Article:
With the late 20th century discovery of the bitumen deposits of the Orinoco Petroleum Belt, Venezuela is home to two major oil producing regions and more than 200 billion barrels of proven oil reserves. After decades of development, the wells of the Maracaibo region, which produce a medium grade crude, are declining in importance. The Orinoco basin has only begun to be tapped, however, and holds significant potential.
Although plentiful, Orinoco crude is extra heavy (highly viscous) and sour (laden with a variety of contaminants, including sulfur). In some cases, the oil must be superheated to be extracted from the ground. After that, it cannot be put directly into a pipeline; usually it must be “upgraded,” or stripped of contaminants, before it can be efficiently transported. Upgrading Orinoco crude is a complex industrial process similar to refining and requires Venezuela to have upgrader facilities that do a first pass in refining the crude so that it can then be sold to a conventional refinery and turned into fuel. Venezuela has four such upgraders that collectively processed 579,000 barrels of oil per day in 2012. In addition to being upgraded, the crude can also be mixed with lighter hydrocarbon liquids, like naphtha. In some cases, that naphtha can be extracted from the crude mix later and recycled for future use in diluting heavy crude for transport.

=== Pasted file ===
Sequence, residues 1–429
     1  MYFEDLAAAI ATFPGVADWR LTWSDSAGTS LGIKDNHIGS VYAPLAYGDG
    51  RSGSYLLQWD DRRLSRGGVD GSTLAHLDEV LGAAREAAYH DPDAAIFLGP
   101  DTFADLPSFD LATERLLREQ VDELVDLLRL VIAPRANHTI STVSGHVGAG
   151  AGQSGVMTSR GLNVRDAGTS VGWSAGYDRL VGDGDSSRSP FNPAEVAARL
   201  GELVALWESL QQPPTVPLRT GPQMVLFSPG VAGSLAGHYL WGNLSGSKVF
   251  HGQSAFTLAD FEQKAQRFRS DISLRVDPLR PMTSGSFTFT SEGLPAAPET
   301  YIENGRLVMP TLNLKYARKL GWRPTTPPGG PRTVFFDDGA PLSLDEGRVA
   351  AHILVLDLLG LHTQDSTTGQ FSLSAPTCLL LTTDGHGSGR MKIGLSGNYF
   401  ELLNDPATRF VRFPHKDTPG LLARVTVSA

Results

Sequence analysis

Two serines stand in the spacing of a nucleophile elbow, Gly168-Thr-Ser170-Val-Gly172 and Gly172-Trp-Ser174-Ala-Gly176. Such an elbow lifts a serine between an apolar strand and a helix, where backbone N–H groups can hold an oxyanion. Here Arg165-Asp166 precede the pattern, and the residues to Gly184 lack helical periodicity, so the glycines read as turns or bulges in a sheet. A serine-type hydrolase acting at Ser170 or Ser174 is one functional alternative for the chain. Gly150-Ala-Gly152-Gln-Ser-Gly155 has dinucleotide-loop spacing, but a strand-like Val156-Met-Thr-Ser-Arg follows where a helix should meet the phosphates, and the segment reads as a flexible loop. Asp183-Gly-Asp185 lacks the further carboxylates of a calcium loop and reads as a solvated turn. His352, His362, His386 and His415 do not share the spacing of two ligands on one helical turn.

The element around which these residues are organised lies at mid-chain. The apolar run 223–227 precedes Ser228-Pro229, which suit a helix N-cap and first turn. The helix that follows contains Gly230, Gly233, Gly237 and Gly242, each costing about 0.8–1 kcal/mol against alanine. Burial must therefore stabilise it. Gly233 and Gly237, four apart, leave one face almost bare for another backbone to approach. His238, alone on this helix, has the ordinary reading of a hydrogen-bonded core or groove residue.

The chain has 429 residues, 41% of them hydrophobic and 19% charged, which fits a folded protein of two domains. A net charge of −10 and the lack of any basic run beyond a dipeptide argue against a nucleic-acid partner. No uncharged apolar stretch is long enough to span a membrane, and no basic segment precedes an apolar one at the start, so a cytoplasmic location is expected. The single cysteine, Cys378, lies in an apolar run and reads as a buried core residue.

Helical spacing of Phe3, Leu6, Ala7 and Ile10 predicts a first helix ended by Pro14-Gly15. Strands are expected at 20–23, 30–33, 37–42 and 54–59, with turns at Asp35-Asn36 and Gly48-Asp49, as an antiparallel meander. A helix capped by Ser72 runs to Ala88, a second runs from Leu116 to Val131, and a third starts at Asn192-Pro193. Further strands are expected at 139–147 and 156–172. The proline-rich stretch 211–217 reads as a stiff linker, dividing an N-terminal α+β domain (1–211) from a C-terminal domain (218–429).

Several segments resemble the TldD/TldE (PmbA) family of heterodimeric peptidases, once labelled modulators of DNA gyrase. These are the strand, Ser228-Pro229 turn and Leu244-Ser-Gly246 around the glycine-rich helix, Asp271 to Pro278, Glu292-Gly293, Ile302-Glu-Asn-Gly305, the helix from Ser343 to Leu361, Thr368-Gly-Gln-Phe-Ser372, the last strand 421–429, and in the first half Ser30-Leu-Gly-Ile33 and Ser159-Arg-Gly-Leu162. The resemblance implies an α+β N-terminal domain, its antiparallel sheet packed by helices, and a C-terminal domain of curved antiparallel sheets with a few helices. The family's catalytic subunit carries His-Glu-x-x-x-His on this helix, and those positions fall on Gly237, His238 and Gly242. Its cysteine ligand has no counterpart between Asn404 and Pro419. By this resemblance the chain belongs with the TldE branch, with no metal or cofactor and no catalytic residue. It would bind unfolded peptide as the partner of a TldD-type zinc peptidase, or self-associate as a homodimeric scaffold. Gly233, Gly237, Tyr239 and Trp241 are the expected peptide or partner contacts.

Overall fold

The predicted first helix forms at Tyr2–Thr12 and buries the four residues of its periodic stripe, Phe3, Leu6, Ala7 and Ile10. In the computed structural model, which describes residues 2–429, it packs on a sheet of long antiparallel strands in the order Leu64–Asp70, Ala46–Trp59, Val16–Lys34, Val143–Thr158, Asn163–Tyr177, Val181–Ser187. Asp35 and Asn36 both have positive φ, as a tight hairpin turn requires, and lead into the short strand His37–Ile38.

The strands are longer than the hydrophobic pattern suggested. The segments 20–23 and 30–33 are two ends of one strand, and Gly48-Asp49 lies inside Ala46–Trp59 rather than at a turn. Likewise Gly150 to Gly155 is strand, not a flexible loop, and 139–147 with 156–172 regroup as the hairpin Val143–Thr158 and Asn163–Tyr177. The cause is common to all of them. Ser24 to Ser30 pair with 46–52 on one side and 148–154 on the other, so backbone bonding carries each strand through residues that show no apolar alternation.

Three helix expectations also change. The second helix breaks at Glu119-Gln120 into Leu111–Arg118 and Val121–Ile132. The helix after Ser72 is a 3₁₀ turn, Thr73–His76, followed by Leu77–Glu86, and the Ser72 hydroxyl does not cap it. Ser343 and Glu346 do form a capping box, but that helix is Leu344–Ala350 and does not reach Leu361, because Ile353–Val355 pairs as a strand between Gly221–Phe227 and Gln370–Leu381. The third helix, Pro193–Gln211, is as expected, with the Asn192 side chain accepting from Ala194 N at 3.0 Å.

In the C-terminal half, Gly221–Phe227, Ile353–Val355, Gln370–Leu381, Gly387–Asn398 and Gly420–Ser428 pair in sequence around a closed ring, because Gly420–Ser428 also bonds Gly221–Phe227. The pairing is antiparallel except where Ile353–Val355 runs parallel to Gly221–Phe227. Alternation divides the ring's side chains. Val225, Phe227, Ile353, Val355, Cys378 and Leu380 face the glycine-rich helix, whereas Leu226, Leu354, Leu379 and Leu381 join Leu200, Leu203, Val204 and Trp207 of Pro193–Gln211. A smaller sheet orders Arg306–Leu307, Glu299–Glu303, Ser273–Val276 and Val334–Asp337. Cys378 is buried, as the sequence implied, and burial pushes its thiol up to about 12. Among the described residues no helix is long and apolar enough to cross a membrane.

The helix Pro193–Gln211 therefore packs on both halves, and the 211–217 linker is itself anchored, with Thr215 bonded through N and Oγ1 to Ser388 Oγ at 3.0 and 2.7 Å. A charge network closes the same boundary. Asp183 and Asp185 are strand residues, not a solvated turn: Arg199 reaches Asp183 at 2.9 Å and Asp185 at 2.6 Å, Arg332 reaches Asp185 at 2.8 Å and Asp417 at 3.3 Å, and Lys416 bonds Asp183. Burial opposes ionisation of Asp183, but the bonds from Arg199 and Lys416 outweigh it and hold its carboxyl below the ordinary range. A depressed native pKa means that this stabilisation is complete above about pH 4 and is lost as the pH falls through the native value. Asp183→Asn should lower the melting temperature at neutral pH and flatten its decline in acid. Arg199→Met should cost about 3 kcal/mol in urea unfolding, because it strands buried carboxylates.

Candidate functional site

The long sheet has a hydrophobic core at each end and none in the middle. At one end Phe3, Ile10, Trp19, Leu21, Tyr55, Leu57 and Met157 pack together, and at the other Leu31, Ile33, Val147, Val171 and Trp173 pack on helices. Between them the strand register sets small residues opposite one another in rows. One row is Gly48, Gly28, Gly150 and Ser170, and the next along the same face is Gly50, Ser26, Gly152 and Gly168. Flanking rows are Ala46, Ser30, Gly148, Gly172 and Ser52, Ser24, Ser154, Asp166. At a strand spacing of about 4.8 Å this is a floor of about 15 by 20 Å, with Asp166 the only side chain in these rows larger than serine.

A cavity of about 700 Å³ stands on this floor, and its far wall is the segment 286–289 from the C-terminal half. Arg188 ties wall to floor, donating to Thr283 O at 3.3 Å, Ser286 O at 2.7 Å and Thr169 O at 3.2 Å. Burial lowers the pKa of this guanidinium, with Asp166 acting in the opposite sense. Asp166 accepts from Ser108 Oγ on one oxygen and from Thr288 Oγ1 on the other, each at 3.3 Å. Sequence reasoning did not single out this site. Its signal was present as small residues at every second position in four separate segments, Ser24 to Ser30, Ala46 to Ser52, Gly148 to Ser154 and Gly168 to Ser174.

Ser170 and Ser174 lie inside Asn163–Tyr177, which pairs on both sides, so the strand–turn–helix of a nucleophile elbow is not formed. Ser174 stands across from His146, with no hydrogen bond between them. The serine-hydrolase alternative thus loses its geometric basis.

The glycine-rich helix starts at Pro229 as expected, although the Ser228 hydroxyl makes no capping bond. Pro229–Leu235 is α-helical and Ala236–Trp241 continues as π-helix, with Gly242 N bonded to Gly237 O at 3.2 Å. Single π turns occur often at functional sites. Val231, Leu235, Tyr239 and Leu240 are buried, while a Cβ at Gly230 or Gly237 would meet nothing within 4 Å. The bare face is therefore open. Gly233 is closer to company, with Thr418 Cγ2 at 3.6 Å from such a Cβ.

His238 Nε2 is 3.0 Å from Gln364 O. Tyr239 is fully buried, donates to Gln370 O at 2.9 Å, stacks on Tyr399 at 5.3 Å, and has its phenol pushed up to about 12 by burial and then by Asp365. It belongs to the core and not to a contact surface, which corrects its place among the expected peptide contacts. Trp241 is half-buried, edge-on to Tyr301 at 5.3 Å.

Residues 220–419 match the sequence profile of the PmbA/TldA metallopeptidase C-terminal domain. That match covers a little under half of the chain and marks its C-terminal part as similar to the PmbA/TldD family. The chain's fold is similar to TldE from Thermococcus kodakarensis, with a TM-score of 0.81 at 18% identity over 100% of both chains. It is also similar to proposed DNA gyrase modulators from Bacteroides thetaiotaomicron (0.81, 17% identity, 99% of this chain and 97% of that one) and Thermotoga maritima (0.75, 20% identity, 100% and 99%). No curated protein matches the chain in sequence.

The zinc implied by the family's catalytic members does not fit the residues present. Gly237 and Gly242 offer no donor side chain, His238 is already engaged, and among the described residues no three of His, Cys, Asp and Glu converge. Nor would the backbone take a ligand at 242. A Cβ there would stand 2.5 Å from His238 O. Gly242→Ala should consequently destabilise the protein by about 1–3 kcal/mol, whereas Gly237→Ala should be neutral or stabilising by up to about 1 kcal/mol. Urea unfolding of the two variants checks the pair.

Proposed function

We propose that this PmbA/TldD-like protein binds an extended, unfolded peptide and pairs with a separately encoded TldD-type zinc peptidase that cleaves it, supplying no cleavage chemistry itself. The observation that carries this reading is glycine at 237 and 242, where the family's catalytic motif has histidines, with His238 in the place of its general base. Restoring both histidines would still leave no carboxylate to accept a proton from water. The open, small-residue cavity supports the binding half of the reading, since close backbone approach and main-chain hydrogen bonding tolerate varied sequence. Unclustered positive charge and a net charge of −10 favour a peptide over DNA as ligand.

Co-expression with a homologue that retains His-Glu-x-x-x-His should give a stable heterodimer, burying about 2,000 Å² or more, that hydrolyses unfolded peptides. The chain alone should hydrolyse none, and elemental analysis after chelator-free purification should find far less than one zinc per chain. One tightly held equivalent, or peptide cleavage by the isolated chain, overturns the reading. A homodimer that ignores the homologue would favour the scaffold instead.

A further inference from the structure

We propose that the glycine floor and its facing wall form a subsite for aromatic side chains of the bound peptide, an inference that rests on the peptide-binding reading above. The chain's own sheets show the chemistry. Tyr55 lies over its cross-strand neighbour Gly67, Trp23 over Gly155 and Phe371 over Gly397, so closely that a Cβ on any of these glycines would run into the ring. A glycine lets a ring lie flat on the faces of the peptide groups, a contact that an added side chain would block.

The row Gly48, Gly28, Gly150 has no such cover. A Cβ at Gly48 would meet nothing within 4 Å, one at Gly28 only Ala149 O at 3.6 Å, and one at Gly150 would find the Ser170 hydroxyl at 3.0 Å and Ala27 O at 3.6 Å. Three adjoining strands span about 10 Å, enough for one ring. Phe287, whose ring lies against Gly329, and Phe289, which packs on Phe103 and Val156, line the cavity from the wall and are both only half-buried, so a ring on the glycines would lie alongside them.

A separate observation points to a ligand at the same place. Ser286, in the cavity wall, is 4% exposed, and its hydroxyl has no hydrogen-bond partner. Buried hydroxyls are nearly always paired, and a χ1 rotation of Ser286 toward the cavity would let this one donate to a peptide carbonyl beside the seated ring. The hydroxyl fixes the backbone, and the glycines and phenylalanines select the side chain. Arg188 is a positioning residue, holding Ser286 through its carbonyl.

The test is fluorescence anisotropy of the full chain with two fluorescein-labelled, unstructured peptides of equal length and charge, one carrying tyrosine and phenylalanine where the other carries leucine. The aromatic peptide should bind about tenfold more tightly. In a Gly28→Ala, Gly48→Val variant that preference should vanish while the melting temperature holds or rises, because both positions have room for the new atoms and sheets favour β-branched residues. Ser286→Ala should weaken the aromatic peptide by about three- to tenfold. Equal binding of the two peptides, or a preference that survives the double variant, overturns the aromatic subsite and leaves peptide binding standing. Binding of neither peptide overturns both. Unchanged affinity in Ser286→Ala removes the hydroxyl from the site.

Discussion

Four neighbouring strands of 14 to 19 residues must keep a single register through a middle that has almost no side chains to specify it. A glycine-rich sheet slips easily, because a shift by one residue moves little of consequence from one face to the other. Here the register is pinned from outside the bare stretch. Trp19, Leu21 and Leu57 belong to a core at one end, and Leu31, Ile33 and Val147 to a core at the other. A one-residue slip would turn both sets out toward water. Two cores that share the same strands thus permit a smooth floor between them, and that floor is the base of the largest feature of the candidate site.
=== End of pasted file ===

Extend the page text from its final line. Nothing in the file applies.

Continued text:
Once the oil is extracted from the Maracaibo and Orinoco regions, it is sent to one of two places: export facilities on the coast or domestic refineries to service local fuel consumption. More than 80 percent of Venezuela’s exports leave from one of two ports — Puerto Jose or Puerto La Cruz — located near each other on the coast of Anzoategui state. Puerto Jose handles two-thirds of the country’s oil exports and also hosts an upgrading facility. The export facilities in Anzoategui are perhaps the most critical strategic infrastructure affecting exports in the country.
Thus, physical threats to energy exports — whether from protests or militant attacks — likely would affect these facilities. But the one bright spot on Venezuela’s political horizon is that there really are no players in the current political crisis interested in harming energy infrastructure. In fact, a far larger threat to the oil industry is the decrepitude of Venezuela’s energy infrastructure.